Length: 15:22 Difficulty: 2.0 Members Only
Lesson 9

Shoo, Fly

Matt Brown teaches the song "Shoo, Fly" as another excellent rhythm and reading example. This song is in the key of G.

Length: 14:46 Difficulty: 2.0 Members Only
Lesson 10

Scales and Key Signatures

Matt Brown returns with the 10th installment in his Reading and Rhythm series. In this lesson, Matt discusses key signatures.

Length: 14:09 Difficulty: 1.5 Members Only
Lesson 11

Minor Key and Aura Lee

In this lesson Matt Brown covers the first minor key song in this series, "Aura Lee".

Length: 12:11 Difficulty: 2.0 Members Only
Lesson 12

Scarborough Fair

In this lesson, Matt introduces the A Dorian mode. He applies it to the song "Scarborough Fair".

Length: 16:29 Difficulty: 2.5 Members Only
Lesson 13

Second Position

In lesson 13, Matt Brown discusses and demonstrates second position.

Length: 29:52 Difficulty: 1.5 Members Only
Lesson 14

Rhythm

Lesson 14 is all about rhythm. Matt Brown discusses its importance and provides several exercises.

Length: 20:17 Difficulty: 2.0 Members Only
Lesson 15

On Top of Old Smokey Review

Matt Brown reviews "On Top of Old Smokey". This time around, the melody is played in second position.

Length: 7:56 Difficulty: 2.0 Members Only
Lesson 16

Reviewing Angels We Have Heard On High

For lesson 14, Matt Brown reviews "Angels We Have Heard On High". The melody is now played in second position.

Length: 12:02 Difficulty: 2.0 Members Only
Lesson 17

Shoo, Fly Review

Matt Brown reviews the song "Shoo, Fly" in second position.

Length: 8:56 Difficulty: 2.0 Members Only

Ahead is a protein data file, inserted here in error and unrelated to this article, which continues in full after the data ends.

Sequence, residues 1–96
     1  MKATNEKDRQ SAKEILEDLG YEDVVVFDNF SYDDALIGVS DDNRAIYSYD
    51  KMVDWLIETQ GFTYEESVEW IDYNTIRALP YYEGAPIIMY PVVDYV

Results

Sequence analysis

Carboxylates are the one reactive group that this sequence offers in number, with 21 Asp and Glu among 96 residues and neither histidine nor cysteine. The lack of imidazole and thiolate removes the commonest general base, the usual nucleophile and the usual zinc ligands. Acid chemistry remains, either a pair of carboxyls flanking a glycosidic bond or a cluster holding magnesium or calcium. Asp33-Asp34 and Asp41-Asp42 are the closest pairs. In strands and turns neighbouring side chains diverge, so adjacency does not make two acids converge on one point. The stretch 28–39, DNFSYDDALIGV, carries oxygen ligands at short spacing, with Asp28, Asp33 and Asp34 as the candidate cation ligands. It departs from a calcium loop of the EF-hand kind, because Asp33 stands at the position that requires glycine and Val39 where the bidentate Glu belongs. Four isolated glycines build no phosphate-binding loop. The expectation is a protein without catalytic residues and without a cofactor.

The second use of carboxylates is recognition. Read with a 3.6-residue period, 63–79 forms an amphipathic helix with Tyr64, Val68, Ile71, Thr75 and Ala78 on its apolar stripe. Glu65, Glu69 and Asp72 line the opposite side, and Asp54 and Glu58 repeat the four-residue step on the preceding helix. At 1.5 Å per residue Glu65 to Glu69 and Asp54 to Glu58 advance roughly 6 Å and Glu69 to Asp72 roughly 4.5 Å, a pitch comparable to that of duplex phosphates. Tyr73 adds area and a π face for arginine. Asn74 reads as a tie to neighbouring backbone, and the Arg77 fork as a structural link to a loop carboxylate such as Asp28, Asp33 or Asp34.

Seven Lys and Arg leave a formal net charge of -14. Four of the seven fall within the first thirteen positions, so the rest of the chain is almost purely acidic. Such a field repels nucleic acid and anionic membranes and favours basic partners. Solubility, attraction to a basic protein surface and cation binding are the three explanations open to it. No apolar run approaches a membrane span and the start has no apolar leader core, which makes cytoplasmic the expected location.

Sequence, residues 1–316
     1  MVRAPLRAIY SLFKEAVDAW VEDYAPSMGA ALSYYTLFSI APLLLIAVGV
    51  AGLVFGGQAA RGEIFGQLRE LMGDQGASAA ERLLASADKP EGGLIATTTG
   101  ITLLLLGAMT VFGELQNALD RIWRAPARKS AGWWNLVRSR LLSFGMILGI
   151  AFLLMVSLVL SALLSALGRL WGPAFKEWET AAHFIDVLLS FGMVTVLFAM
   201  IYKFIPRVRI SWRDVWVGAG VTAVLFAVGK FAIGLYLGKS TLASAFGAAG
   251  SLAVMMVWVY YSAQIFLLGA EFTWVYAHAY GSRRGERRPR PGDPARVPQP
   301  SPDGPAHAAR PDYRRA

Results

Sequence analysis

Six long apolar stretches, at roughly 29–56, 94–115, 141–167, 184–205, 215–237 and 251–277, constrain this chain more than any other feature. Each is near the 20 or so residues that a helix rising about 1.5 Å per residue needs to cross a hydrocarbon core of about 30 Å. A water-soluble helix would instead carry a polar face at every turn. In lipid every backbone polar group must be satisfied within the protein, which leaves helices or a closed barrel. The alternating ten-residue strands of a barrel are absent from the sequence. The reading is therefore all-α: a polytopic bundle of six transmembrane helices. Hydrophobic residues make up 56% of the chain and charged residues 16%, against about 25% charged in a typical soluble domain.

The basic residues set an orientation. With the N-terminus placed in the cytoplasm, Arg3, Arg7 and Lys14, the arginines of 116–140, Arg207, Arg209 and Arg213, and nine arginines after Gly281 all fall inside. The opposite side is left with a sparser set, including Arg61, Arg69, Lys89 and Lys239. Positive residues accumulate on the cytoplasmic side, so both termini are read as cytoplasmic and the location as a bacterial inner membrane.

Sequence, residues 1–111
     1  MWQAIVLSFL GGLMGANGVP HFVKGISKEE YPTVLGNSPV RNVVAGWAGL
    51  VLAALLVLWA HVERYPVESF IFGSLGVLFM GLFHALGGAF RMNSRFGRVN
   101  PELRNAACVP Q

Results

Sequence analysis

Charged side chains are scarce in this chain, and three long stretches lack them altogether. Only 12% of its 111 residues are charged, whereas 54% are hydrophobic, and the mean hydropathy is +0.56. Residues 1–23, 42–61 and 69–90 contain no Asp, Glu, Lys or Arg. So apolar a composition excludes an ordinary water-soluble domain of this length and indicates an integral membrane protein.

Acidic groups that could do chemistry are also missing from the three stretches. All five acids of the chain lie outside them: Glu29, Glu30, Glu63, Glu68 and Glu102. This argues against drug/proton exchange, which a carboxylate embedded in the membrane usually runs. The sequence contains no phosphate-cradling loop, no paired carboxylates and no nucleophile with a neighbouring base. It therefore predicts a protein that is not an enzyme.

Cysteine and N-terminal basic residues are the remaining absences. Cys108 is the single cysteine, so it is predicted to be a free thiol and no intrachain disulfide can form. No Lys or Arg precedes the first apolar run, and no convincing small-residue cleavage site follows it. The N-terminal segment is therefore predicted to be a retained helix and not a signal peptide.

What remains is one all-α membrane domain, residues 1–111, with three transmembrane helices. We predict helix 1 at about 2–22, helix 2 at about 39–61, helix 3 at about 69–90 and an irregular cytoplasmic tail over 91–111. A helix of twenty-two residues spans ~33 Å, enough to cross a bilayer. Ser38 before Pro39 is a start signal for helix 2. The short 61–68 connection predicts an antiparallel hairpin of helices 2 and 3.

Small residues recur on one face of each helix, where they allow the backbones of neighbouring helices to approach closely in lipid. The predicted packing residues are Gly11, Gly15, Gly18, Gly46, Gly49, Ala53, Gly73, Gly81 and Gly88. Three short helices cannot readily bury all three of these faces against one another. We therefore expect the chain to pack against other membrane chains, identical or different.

Lesson 18

Rhythm Strumming

This lesson covers right hand rhythm technique. Matt introduces syncopated strumming patterns.

Length: 25:38 Difficulty: 2.5 Members Only
Lesson 19

Down by the Riverside

Matt teaches the melody to "Down by the Riverside". This tune is used as preparation for learning accompaniment techniques.

Length: 15:02 Difficulty: 1.5 Members Only
Lesson 20

Accompaniment

Matt uses the song "Down by the Riverside" to teach accompaniment techniques for rhythm backing.

Length: 12:31 Difficulty: 1.5 Members Only
Lesson 21

Fur Elise Pt. 1

Matt teaches the classic tune "Fur Elise" in a two part series. For Part 1, Matt demonstrates the melody section.

Length: 24:03 Difficulty: 2.5 Members Only
Lesson 22

Fur Elise Pt. 2

In lesson 22, Matt teaches the accompaniment sections to Beethoven's "Fur Elise".

Length: 13:12 Difficulty: 1.5 Members Only
Lesson 23

The Entertainer Pt. 1

Lesson 23 starts a 2 part series on the classic tune "The Entertainer".

Length: 16:30 Difficulty: 2.0 Members Only
Lesson 24

The Entertainer Pt. 2

Lesson 24 completes the two part series on "The Entertainer". You will learn the accompaniment in this lesson.

Length: 14:06 Difficulty: 2.0 Members Only
Lesson 25

Sea to Sea Pt. 1

Matt starts another 2 part lesson, this time on the tune "Sea to Sea" by William G. Leavitt.